Wednesday, 24 November 2010
Four memorials for former council leader
Town hall bosses have announced plans for four memorials to the late council leader Roy Oldham.
The 76-year-old, who died earlier this year, led Tameside council for more than 30 years making him Britain's longest-serving council leader.
A councillor for Mottram, he was made a CBE in 1999 for his services to local government.
His contribution will be remembered in four memorials around the borough inspired by his passion for politics, local history and sport.
Coun Kieran Quinn, who took over as leader shortly before Coun Oldham's death in July, said: “Following lengthy debates with Roy's family and his colleagues we have now agreed four lasting tributes.
“We will create a living, interactive local democracy and local history area within Portland Basin museum recognising his contributions to local democracy. This display will let local people come to see how others lived and how the place has changed, both politically and socially, over the years.”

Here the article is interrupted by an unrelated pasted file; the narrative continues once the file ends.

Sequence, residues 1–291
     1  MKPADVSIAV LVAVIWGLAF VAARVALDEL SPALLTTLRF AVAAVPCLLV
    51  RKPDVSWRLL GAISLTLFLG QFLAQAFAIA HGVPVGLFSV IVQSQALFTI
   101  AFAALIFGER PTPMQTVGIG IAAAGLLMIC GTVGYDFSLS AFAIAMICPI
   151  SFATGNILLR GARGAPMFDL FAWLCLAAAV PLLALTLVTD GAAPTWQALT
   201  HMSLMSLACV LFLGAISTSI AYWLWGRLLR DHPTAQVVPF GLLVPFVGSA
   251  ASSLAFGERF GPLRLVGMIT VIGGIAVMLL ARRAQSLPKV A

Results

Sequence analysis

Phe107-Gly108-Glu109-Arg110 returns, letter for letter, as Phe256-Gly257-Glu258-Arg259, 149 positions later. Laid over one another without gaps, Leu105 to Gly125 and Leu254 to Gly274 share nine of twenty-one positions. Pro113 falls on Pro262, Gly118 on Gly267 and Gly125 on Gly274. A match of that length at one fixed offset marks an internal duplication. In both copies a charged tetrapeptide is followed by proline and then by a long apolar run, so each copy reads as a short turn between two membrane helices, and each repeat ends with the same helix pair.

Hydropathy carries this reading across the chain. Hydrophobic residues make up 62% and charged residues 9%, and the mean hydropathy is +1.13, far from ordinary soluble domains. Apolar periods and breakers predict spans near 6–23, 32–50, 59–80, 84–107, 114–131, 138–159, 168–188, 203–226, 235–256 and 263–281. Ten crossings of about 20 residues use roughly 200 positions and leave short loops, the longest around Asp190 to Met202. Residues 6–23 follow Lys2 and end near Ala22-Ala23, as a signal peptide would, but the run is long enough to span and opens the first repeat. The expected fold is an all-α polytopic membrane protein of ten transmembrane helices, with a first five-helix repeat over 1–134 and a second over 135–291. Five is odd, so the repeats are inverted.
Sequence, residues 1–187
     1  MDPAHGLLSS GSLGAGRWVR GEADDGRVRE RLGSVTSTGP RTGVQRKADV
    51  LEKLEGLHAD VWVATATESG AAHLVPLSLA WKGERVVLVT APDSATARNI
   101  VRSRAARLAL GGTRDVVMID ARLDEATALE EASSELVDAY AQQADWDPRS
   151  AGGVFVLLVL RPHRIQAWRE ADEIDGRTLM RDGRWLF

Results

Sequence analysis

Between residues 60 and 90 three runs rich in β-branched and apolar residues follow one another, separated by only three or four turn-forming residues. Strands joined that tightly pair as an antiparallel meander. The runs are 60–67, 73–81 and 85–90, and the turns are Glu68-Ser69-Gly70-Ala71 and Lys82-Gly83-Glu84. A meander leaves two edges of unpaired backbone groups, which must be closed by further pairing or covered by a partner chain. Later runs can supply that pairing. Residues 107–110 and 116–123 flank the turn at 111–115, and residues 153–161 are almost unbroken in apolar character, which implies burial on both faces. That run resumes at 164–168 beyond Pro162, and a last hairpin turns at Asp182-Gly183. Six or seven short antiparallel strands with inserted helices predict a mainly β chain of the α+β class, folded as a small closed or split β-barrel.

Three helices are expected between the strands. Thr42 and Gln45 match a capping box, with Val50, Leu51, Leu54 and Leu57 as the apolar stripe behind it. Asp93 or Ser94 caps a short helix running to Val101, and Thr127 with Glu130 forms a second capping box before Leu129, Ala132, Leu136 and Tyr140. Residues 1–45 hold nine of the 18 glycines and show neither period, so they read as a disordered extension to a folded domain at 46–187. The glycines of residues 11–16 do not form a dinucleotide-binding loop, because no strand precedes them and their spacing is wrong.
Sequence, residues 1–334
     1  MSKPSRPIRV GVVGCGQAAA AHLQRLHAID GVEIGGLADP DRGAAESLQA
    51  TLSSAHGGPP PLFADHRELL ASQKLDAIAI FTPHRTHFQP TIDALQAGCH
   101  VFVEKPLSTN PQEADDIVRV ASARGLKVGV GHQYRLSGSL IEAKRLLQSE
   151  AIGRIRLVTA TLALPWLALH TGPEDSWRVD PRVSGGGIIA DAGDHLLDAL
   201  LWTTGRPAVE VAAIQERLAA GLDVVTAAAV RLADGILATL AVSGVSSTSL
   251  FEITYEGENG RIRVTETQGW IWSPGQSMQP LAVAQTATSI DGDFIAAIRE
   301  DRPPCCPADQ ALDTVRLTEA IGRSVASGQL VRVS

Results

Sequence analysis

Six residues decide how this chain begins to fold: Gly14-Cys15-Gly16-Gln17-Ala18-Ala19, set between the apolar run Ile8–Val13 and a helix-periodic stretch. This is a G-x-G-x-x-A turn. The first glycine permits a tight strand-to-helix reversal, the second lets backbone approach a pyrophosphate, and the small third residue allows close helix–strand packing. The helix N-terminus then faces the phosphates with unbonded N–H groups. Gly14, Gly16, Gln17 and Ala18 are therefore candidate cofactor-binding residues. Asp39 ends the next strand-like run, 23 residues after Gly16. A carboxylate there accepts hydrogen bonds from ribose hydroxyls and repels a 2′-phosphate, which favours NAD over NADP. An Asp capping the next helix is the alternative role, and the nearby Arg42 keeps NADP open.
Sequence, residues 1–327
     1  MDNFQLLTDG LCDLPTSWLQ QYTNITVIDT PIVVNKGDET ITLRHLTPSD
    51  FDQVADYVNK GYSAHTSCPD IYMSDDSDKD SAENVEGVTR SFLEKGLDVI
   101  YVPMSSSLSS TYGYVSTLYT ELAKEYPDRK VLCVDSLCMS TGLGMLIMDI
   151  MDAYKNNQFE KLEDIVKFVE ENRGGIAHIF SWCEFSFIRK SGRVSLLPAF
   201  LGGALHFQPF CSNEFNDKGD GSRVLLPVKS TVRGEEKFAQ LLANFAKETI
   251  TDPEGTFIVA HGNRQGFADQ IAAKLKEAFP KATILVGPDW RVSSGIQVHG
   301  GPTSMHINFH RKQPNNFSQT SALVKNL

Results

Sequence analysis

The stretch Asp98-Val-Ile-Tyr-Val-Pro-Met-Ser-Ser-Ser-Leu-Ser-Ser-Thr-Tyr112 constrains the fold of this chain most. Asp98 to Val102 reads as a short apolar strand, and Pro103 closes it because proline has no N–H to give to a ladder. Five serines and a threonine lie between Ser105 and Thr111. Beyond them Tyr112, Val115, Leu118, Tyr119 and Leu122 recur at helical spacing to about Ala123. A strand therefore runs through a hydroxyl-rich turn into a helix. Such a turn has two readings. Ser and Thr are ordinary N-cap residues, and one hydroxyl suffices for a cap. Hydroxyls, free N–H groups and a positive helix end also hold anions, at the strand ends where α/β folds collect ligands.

The second tribute will be to rename the local studies archive the Roy Oldham Local Studies and Archive Centre. Coun Quin added:
“Roy was passionate about this facility and how they use the expertise and resources to support, develop and document the stories and information that people send us so that it is recorded for future generations to enjoy and learn from.
“Our third tribute will be to rename the Richmond Street sports complex the Roy Oldham Sports Village. The sporting facilities of the borough always interested Roy.
“The final tribute involves a bronze statue. The last in the series of street art and statues that we have seen installed across all our towns in recent years will be unveiled. It was the last piece to be commissioned by Roy before his death and depicts local international World Cup winning footballers. When located at the Richmond Street sports complex it will be a fitting tribute to his support and contributions to local sports.
“These lasting memorials to his endeavours are fitting, not only because politics, sport and local history were his passions but also because they will be used and enjoyed by the people of Tameside and especially the children which we know were close to his heart.” Manchester Evenung News